Beyond Unemployment Insurance
Unemployment benefits will cover a vast number of workers who cannot work or have been laid off due to the coronavirus. However, unemployment may not protect all people who are affected by this pandemic.
Under California Law, employees who cannot work because they either have been diagnosed with COVID-19 or because they have been exposed to the virus can file for disability insurance. This is a type of short-term benefit for workers who suffer a full or partial loss of wages due to an illness or injury that is not related to work, as well as for pregnancy. Disability insurance payments will be between 60 to 70% of wages, depending on your income, and may range from $50 to $1,3000 per week. To qualify, your diagnosis or exposure must be certified by a medical professional.
If you cannot work because you are caring for a family member who is sick or who has been quarantined due to COVID-19, then you may be able to file a claim for paid family leave. This benefit allows for up to six weeks of payments for workers who experience a partial or full loss of benefits in order to care for a seriously ill family member or to bond with a new child. The amount of the benefits will be approximately 60 to 70% of your wages, ranging from $50 to $130 per week.
For both disability insurance and paid family leave, claims are processed by the EDD. The one week unpaid waiting period if waived for disability insurance benefits.
How To File For California Unemployment Benefits
If you are out of work due to COVID-19 (or for another reason), then you can file a claim for unemployment insurance (UI) benefits though the EDD website. You should file a claim within the first week that you lose your job or when your hours are reduced.
To file a claim, you will need to provide your personal information, such as your name, address, and a method of contacting you. In addition, you will need to provide:
Information about your last employer, including the name of your supervisor
The date that you last worked
The reason you are no longer working
Gross earnings in the last week that you worked (starting on Sunday and ending on the last day that you worked)
You can file online, by phone (1-800-300-5616; check the EDD website for additional numbers for foreign language applicants, and for those who require TTY), or by fax or the mail.
After your claim is filed, you should look for certain documents from the EDD in the mail that you will receive within 2 weeks. Check these documents to make sure that the information is correct. These documents will also include your EDD customer account number (EDDCAN), which you will need to register for UI online.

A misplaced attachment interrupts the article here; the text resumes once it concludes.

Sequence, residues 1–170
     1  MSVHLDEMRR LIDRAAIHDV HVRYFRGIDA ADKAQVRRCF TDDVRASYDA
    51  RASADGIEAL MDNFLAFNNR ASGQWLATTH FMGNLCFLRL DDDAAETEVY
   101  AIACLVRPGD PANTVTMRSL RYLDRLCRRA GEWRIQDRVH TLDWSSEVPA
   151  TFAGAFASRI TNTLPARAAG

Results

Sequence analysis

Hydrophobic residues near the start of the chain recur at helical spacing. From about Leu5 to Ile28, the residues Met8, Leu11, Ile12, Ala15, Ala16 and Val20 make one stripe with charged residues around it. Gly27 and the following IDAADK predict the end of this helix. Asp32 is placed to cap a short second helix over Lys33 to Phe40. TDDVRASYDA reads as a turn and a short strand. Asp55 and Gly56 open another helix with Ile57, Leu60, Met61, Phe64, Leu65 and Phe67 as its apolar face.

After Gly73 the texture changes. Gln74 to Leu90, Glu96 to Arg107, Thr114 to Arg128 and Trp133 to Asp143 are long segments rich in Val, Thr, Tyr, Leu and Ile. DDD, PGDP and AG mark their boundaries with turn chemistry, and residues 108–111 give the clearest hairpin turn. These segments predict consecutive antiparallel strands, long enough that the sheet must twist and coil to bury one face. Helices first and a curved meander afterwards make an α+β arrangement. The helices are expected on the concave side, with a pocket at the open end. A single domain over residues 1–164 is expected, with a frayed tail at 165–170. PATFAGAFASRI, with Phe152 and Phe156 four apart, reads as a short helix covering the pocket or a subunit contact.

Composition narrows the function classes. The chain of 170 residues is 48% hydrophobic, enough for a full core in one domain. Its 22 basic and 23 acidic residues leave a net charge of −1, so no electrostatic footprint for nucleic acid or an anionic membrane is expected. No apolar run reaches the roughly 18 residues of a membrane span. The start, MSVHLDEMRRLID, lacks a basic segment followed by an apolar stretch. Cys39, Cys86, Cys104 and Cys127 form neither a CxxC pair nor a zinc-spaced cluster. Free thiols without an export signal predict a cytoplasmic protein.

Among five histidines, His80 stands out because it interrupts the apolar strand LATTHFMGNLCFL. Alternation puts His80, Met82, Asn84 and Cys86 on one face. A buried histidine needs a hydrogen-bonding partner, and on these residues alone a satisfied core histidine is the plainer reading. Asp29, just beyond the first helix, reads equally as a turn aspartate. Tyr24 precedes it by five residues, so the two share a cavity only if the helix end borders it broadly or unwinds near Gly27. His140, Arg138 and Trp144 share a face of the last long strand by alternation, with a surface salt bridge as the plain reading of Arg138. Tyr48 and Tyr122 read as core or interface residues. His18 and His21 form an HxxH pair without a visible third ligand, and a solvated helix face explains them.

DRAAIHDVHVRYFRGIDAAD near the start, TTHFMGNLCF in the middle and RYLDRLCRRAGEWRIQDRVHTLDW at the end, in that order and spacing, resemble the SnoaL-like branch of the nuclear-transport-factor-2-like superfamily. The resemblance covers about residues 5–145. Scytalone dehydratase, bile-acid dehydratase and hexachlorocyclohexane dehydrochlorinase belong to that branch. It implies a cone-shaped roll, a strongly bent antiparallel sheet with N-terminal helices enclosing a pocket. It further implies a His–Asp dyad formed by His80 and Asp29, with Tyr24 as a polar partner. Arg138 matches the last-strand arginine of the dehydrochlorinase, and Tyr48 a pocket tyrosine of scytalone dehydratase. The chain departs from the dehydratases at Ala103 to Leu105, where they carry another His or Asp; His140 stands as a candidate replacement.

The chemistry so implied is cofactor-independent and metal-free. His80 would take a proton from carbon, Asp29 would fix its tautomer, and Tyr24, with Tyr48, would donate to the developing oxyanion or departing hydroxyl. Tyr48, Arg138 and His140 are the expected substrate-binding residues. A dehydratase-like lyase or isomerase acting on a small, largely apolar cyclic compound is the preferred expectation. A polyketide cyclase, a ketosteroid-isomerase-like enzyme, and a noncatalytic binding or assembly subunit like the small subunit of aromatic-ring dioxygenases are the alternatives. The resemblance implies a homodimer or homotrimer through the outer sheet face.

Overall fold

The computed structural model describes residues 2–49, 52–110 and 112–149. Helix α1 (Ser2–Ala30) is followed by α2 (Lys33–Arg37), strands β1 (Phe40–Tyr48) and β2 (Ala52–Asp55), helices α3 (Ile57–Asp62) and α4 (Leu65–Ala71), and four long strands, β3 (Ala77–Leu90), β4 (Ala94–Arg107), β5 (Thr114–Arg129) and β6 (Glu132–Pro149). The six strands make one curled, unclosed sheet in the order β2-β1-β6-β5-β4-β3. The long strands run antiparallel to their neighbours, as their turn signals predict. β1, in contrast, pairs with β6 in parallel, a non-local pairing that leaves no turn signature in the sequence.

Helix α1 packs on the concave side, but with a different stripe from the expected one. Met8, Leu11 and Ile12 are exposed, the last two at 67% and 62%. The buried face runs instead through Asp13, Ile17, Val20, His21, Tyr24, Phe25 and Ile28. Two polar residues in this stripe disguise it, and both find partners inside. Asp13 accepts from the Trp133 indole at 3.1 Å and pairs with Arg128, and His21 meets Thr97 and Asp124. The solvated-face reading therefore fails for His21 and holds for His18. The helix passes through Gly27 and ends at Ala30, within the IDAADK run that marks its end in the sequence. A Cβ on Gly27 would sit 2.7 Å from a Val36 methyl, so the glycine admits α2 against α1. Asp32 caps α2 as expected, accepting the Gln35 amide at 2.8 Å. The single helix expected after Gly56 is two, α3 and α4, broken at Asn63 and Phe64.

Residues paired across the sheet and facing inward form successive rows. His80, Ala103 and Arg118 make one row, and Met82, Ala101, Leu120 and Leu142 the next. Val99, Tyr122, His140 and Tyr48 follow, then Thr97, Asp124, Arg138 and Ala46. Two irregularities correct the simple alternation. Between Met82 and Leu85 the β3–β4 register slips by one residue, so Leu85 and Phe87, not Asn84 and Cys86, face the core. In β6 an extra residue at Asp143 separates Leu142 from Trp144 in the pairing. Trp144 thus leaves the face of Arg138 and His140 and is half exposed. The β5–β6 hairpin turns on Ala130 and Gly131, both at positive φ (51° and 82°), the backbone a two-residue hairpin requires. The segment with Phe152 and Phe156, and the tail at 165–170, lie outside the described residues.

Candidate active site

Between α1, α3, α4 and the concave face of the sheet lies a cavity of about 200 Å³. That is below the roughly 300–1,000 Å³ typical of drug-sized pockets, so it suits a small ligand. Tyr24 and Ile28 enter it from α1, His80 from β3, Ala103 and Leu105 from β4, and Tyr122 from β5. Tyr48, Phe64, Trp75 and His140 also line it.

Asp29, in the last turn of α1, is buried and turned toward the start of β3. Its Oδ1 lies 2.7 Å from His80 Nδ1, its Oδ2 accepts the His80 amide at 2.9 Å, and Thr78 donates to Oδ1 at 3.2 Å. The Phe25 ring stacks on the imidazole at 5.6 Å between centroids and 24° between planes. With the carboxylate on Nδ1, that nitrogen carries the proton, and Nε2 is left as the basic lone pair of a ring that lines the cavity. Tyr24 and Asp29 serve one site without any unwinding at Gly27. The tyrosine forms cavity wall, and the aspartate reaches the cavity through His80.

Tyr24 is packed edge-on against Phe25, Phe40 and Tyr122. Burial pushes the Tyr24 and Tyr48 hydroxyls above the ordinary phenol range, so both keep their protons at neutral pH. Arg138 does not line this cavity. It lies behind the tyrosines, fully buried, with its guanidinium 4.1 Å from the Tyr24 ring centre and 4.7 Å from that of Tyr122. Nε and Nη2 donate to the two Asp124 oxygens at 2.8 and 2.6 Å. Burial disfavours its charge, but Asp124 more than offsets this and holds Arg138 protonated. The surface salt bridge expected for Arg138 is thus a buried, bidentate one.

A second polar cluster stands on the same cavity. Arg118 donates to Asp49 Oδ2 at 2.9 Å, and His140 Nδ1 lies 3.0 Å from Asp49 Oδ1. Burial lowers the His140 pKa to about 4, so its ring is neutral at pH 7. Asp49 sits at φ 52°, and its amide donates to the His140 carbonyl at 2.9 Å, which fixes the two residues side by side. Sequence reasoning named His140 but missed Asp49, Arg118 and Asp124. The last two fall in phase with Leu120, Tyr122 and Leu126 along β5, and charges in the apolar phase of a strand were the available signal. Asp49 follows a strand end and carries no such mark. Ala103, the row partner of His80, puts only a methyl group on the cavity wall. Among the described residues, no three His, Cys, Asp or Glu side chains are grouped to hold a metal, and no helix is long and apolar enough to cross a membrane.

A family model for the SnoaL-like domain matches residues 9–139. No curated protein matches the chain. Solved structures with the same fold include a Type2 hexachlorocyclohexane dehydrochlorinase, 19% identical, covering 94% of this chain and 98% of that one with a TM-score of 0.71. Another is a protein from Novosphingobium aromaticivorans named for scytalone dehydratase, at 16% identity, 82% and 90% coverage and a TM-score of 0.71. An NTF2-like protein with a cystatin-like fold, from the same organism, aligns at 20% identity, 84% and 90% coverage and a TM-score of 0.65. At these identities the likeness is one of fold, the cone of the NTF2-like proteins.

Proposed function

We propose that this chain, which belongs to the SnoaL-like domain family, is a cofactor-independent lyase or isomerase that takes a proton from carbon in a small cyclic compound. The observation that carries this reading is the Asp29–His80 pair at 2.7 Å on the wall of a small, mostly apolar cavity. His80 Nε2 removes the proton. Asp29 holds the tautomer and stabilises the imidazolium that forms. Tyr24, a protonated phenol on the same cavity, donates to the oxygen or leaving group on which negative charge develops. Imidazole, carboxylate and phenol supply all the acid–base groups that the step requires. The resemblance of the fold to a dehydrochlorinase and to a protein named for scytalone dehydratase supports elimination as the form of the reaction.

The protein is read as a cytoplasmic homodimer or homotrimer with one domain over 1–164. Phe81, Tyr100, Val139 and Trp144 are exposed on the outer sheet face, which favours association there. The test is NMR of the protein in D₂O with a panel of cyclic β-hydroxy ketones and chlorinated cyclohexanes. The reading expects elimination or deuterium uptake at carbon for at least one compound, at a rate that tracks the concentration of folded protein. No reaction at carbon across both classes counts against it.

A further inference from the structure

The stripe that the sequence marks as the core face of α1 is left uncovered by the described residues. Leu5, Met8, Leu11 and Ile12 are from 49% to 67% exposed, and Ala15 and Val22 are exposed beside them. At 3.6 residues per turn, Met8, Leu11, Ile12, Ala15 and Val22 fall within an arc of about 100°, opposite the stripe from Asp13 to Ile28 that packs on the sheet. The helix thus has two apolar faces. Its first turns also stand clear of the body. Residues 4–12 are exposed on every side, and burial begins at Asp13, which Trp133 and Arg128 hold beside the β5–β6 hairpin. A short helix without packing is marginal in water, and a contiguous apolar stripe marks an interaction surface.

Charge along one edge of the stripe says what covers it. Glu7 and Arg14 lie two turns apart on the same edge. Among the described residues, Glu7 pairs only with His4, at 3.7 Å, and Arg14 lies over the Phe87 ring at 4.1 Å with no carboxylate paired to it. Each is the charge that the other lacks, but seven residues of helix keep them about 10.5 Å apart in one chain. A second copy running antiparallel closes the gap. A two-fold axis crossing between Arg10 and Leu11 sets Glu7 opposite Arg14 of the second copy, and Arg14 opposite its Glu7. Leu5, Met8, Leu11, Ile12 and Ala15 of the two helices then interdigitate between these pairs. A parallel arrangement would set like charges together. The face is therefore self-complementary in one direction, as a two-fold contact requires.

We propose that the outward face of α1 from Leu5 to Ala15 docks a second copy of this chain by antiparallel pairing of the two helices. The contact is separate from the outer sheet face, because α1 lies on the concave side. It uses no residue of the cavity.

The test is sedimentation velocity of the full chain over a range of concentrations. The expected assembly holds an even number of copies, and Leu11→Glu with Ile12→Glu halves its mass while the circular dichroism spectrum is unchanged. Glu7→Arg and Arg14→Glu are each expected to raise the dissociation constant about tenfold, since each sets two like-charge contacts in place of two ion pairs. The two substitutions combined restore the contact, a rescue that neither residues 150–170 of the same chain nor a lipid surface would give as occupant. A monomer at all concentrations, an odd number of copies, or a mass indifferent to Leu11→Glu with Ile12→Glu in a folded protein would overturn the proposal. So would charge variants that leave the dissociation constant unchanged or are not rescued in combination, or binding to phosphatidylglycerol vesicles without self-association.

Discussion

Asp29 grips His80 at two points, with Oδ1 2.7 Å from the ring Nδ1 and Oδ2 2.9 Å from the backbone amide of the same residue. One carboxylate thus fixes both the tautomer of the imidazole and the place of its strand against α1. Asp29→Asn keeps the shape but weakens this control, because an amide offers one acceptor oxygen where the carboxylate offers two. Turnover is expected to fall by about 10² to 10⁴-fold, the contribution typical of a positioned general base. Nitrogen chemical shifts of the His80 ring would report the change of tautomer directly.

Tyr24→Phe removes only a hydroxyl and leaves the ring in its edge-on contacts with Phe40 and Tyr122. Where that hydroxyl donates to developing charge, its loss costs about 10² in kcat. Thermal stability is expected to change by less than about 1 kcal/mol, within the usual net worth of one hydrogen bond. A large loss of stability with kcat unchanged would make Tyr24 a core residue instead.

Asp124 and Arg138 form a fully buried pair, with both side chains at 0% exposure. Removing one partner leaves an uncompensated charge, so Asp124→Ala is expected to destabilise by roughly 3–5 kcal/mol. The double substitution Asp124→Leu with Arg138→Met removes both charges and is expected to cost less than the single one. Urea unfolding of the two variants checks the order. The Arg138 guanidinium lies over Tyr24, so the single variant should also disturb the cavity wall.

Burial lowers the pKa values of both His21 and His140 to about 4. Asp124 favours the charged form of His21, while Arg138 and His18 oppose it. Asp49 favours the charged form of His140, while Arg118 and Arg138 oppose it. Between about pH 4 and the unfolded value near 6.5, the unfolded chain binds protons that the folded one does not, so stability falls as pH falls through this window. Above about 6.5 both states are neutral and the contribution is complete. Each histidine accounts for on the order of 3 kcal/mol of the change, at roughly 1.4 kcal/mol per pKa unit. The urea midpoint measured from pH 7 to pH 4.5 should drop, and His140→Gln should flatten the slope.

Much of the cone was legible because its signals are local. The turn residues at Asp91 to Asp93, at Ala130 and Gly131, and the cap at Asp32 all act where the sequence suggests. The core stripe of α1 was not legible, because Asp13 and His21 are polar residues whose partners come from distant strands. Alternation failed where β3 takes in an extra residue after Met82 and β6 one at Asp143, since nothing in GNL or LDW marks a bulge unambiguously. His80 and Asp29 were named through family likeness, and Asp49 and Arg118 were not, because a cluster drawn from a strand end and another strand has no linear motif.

Every two weeks, you will be required to provide eligibility information to EDD. This is known as certifying for benefits, and can be done online, by phone, or by mail. You will need to report work and wages that you have received, as well as information about your work search.
Within 21 days of filing your UI claim, you must also add or update your résumé in CalJOBS, unless you are instructed otherwise by the EDD. If you are out of work due to COVID-19, you may not be required to take this step. Check with a California employment lawyer if you have any questions about this requirement.
When your benefits are available, you will receive an EDD Debit Card in the mail. You will need to activate the card in order to receive payments.
Finally, you may be scheduled for a phone interview if the EDD requires additional information about your claim. It is important to keep the interview, as the EDD will otherwise make a decision based on the information that they currently have, which may result in a delay or denial. The EDD will send you notice of an interview via mail.
During these incredibly stressful times, benefits like unemployment insurance are more important than ever. The expanded benefits available for Californians under both federal and state law may provide financial stability if you cannot work due to being ill, taking care of a sick family member, being quarantined, or simply because you have been laid off or had your hours reduced due to the shutdown.
The information in this blog post (“post”) is provided for general informational purposes only, and may not reflect the current law in your jurisdiction. No information contained in this post should be construed as legal advice from Odell Law, PLC. or the individual author, nor is it intended to be a substitute for legal counsel on any subject matter. No reader of this post should act or refrain from acting on the basis of any information included in, or accessible through, this Post without seeking the appropriate legal or other professional advice on the particular facts and circumstances at issue from a lawyer licensed in the recipient’s state, country or other appropriate licensing jurisdiction.